Blog: Winter

 
  • February 07, 2019
    bshah

    Surviving Winter

    It’s cold outside today…like, really cold. And while our solution to keeping safe in these temperatures is simply not to engage, our plants just don’t have that option. From the cozy warmth of my insulated home, I gaze out at my perennial garden and think about the lush green plants that will begin to pop up in the spring. Year after year, they endure freezing temperatures and still manage to emerge in all their glory when the time is right.

    Part of the joy of planting native perennials is knowing that they are cold hardy to our climate zone. In Illinois, our cold hardiness zone is 6 for the northern part of the state and 5 for the southern half and the small area surrounding Lake Michigan. Native plants of our region have evolved to survive the harsh winters in these zones, but how exactly do they do that??

  • February 20, 2016
    ppadmin

    Yellow Birch

    One of my favorite trees in the winter is Yellow Birch (Betula alleghaniensis). The bark is not white like white birch or yellow like the name would suggest, but cherry like that exfoliates with copper and gray with white lentils. The bark becomes brown and plated as it gets older.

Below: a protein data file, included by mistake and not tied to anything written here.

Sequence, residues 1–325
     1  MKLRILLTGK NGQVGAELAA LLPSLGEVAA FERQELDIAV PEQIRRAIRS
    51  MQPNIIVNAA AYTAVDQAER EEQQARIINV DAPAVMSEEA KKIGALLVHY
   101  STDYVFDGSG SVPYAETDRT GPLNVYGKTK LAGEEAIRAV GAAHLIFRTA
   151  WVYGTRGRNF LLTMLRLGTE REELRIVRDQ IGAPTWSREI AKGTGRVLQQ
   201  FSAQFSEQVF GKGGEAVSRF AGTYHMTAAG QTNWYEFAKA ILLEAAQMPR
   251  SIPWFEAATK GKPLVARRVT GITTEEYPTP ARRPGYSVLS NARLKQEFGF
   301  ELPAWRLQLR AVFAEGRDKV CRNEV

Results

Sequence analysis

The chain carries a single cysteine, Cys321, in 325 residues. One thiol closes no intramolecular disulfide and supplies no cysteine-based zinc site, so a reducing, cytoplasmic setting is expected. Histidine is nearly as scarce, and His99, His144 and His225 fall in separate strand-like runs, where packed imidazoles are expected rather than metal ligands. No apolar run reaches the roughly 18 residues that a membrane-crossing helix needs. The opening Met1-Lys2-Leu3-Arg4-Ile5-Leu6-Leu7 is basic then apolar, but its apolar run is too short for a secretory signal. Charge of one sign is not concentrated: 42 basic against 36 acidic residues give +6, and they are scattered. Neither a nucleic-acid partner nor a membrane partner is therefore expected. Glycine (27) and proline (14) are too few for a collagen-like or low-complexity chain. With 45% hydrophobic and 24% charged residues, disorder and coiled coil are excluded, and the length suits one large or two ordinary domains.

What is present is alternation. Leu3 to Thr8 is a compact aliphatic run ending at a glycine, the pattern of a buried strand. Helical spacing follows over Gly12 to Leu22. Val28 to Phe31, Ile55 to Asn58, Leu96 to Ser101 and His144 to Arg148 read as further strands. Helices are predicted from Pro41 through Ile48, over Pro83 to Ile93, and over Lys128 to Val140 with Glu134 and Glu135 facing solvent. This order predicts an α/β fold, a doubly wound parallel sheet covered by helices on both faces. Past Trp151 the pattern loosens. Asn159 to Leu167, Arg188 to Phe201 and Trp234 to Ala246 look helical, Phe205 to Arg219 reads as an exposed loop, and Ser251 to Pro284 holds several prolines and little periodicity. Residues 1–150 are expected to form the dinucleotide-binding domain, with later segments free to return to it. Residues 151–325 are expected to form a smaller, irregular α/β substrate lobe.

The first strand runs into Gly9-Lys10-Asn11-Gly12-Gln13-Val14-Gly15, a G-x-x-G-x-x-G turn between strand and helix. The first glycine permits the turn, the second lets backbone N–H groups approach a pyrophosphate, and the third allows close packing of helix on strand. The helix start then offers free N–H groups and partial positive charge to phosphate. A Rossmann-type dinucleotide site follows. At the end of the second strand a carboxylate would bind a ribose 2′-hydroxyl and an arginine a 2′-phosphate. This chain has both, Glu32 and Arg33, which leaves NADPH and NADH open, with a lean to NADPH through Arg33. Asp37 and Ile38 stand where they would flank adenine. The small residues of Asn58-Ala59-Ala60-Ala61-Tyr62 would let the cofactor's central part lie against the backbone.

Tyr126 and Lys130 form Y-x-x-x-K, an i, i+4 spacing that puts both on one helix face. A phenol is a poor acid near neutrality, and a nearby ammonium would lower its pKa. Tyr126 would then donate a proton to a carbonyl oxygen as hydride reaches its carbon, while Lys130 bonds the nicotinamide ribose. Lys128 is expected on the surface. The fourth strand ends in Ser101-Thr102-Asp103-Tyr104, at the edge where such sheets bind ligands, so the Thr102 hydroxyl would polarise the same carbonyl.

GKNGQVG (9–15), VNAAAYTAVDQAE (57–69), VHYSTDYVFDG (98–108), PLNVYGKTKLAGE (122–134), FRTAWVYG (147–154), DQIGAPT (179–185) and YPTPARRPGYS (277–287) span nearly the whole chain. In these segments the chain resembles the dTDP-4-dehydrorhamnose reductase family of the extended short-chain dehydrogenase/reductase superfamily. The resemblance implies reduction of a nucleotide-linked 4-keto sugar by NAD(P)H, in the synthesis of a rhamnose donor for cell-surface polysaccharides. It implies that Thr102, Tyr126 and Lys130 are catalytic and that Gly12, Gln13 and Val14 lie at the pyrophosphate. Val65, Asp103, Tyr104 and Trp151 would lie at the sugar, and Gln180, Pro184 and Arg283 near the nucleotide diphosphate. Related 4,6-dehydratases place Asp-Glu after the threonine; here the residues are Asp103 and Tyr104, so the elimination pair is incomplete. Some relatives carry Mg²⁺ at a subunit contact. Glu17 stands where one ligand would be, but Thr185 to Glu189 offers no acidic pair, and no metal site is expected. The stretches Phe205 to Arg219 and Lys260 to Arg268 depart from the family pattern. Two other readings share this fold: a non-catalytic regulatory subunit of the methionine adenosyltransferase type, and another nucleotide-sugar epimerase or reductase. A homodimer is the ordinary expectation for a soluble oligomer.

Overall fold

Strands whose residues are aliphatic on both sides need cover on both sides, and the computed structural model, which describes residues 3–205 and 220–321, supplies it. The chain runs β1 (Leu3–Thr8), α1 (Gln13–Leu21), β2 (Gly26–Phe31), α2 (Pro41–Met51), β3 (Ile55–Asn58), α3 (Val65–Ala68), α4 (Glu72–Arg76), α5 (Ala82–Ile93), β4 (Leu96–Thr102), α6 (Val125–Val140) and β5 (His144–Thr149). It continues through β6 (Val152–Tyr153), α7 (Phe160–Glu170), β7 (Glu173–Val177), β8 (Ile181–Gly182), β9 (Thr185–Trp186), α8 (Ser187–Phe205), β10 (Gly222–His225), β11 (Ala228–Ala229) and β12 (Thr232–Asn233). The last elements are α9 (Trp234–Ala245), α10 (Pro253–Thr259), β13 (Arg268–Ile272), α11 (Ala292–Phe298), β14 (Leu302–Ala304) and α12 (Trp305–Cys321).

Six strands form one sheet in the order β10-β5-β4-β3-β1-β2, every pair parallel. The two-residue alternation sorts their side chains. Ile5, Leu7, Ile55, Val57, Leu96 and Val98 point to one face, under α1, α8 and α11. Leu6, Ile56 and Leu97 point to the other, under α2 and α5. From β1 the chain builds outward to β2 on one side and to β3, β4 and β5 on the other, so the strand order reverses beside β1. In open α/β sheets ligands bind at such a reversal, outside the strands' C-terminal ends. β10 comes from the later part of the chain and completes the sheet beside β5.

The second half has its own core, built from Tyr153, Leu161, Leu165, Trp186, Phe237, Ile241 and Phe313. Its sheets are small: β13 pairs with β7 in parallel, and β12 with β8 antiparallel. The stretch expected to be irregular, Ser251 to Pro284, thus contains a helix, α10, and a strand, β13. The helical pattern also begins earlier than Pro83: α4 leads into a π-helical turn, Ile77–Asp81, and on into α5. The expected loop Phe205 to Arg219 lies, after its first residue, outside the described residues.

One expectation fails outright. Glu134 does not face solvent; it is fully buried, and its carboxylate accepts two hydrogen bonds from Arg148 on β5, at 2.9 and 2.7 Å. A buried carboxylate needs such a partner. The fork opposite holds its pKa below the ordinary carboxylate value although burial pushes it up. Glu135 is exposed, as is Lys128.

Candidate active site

• October 20, 2012
    ppadmin

    Weather Adds to the Challenge

    Some of you may have read my post last fall about collecting acorns and all the idiosyncrasies of the different types of oaks as well as the other consumers I have to contend with to get my job as propagator done. Well, here I am starting my fourth year at Possibility Place Nursery and I have another set of circumstances to make my job more challenging and interesting: a too-mild winter followed by one of the driest springs and hottest summers on record.